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Biden wants funds to electrify federal vehicle fleet in next budget

Todd Spangler, Detroit Free Press on

Published in Automotive News

President Joe Biden on Friday released a spending proposal for next fiscal year that, as expected, asks Congress to invest heavily in the electrification of America's vehicles.

In the funding proposal, the Biden administration is specifically asking for:

$600 million in new investments for the federal government to purchase electric vehicles and charging infrastructure, including $300 million to begin replacing the 200,000 fleet of vehicles provided to other agencies by the General Services Administration. $8 billion in Energy Department funding, a 27% increase over the current year, to advance clean energy research, a portion of which would go toward electric vehicles.

It also calls for more than doubling to $442 million current spending on manufacturing partnerships with universities and industry under the Commerce Department, a portion of which will be spent on increasing semiconductor manufacturing in the U.S. A recent shortage of semiconductors has crippled the auto industry.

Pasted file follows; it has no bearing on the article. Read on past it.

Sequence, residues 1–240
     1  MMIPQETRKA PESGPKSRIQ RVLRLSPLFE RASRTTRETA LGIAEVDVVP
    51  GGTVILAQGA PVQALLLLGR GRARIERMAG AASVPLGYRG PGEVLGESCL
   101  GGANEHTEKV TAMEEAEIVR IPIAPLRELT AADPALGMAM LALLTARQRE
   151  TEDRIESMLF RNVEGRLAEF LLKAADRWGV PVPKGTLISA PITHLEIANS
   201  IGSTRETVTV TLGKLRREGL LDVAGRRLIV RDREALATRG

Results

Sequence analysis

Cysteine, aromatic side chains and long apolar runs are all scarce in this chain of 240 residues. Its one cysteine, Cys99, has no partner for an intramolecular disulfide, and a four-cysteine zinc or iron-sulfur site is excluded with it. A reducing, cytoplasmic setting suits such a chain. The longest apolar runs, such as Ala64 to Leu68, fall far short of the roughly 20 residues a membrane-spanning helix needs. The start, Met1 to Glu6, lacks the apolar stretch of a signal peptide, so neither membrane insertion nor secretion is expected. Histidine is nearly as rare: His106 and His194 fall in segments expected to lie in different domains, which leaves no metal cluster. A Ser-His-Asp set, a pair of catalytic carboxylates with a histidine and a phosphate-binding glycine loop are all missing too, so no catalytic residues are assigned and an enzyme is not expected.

Few details, however, were included in the so-called "skinny" budget request, which includes only broad proposals and figures, with more details expected later in the spring. New administrations often provide less detailed budget proposals in the first few months of entering office.

No information about possibly increasing taxes to pay for the spending was included, though Biden has talked broadly about increasing taxes on people making more than $400,000 a year to offset federal spending.


Overall, the Biden budget proposal for the fiscal year beginning Oct. 1 totals $1.52 trillion, an 8% increase over the current year's budget. It provides a slight increase of less than 2% in defense spending and a much larger one, nearly 16%, on the non-defense side of the budget.

It also seeks to restore spending levels of several agencies severely reduced under former President Donald Trump, including a 40% increase in the Department of Education. Much of that would be taken up by a $20 billion increase in financial assistance to school districts with higher numbers of low-income families.

As with all budget proposals, it is ultimately up to Congress to determine spending levels and which programs are funded. Biden's plan, however, appears to continue his administration's plans to ramp up spending.

Last week, Biden unveiled a $2-trillion infrastructure plan, saying he would fund it by increasing the corporate tax rate.

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